“What is it—what did you find?” both Carton and I asked.
Kennedy did not answer immediately.
“I—I can’t say,” he answered slowly at length, as we thanked the Morgue keeper for his courtesy and left the place. “In fact I’d rather not say—until I know.”
I knew from previous experiences that it was of no use to try to quiz Kennedy. He was a veritable Gradgrind for facts, facts, facts. As for myself, I could not help wondering whether, after all, Murtha might not have been the victim of foul play—and, if so, by whom?
We did not have to wait long for the secret of the robbery of Carton to come out. It was not in any “extras,” or in the morning papers the next day, but it came through a secret source of information to the Reform League.
“A clerk in the employ of the organization who is really a detective employed by the Reform League,” groaned Carton, as he told us the story himself the next morning at his office, “has just given us the information that they have prepared a long and circumstantial story about me—about my intimacy with Mrs. Ogleby and Murtha and some others. The story of the robbery of my study is in the papers this morning. To-morrow they plan to publish some photographs—alleged to have been stolen.”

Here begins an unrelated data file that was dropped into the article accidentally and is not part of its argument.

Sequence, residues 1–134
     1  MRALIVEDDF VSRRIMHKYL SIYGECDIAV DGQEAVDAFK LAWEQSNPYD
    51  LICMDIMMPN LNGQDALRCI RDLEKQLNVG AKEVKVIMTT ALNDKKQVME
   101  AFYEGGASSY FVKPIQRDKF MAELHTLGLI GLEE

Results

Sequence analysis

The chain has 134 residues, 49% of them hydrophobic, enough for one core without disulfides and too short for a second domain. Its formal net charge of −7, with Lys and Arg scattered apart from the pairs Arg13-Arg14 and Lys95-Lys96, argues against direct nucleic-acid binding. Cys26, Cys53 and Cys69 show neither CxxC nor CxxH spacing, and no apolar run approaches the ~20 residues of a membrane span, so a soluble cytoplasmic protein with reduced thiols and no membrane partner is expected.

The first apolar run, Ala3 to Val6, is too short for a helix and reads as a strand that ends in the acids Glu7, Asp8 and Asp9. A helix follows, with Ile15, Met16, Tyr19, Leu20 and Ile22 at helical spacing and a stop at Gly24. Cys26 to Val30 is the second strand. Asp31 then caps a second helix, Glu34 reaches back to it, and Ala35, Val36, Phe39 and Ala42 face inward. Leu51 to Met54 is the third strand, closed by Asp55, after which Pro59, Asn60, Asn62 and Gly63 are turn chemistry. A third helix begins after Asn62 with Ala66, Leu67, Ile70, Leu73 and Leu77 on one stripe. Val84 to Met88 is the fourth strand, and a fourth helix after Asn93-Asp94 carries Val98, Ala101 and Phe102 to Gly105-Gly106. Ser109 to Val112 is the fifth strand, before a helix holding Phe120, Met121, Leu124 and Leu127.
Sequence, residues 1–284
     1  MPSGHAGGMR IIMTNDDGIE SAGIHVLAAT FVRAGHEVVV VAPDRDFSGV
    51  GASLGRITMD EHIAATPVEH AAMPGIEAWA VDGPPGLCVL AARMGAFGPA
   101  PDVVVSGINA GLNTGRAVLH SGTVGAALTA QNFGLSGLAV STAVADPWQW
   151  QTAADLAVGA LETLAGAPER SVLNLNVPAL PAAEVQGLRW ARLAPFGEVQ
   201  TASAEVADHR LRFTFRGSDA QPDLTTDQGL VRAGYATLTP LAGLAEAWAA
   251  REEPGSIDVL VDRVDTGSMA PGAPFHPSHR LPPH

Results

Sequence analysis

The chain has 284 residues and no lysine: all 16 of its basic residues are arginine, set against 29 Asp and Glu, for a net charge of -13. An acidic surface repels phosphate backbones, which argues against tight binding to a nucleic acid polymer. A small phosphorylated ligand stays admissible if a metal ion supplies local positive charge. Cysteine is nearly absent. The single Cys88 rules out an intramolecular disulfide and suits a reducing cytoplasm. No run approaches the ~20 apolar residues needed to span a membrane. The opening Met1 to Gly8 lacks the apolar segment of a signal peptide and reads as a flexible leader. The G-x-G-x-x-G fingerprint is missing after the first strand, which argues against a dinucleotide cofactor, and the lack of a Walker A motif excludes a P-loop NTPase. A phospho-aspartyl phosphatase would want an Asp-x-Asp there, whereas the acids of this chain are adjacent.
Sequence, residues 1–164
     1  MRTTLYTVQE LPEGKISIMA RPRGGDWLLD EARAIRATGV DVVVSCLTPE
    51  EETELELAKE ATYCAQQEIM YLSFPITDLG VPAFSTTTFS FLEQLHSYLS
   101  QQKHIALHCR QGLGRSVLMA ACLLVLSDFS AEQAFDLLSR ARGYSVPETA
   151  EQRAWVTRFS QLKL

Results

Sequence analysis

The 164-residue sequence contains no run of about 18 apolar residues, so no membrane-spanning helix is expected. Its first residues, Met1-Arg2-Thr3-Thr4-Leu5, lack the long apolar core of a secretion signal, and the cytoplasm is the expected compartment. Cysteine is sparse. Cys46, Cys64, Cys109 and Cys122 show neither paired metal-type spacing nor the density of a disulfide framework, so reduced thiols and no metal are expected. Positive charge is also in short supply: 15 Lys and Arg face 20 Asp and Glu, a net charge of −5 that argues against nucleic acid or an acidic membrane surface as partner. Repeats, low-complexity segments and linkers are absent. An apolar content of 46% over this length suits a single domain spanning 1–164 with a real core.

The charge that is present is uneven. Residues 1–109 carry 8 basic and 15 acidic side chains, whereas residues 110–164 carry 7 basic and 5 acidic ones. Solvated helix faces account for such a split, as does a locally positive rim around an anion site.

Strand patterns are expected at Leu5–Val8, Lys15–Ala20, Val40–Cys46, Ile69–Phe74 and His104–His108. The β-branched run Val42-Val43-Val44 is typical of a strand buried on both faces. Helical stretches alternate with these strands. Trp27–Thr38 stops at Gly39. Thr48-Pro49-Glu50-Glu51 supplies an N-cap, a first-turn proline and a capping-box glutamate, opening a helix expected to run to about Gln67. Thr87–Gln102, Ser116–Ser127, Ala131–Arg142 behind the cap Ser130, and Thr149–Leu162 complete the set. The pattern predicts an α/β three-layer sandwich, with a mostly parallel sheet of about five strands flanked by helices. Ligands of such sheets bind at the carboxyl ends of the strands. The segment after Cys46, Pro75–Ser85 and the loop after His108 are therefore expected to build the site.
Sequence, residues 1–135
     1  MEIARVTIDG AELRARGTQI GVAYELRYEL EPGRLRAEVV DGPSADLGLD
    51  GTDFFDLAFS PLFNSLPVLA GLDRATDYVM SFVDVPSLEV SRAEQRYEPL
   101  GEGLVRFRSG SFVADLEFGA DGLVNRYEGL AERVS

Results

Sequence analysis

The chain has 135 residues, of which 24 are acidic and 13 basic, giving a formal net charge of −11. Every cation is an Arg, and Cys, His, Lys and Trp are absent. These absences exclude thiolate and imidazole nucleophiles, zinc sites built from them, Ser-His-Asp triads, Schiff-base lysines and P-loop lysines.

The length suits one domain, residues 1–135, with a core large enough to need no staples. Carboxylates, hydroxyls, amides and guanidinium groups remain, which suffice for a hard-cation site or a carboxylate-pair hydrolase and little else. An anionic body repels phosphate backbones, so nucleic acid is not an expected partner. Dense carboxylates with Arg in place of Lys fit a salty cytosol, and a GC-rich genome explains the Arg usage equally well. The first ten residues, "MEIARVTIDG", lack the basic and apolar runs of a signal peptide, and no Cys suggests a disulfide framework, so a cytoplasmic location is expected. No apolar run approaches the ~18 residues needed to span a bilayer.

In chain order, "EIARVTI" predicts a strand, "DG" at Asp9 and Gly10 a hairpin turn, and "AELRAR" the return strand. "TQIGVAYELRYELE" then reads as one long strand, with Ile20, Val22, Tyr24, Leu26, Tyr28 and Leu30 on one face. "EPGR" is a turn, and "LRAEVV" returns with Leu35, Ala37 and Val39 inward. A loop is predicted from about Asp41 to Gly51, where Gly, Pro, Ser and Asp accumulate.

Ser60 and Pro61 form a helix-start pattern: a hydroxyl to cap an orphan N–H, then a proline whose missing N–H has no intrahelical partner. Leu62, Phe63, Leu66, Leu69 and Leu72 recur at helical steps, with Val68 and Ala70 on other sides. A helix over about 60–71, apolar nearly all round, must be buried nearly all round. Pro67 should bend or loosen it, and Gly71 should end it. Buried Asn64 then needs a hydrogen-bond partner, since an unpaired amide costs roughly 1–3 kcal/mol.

“Photographs—Mrs. Ogleby,” repeated Kennedy. “Real ones?”
“No,” exclaimed Carton quickly, “of course not—fakes. Don’t you see the scheme? First they lay a foundation in the robbery, knowing that the public is satisfied with sensations, and that they will be sure to believe that the robbery was put up by some muckrakers to obtain material for an expose. I wasn’t worried last night. I knew I had nothing to conceal.”
“Then what of it?” I asked naively.
“A good deal of it,” returned Carton excitedly, “The story is to be, as I understand it, that the fake pictures were among those stolen from me and that in a roundabout way they came into the possession of someone in the organization, without their knowing who the thief was. Of course they don’t know who took them and the original plates or films are destroyed, but they’ve concocted some means of putting a date on them early in the spring.”
“What are they that they should take such pains with them?” persisted Kennedy, looking fixedly at Carton.
Carton met his look without flinching. “They are supposed to be photographs of myself,” he repeated. “One purports to represent me in a group composed of Mrs. Ogleby, Murtha, another woman whom I do not even know, and myself. I am standing between Murtha and Mrs. Ogleby and we look very familiar. Another is a picture of the same four riding in a car, owned by Murtha. Oh, there are several of them, of that sort.”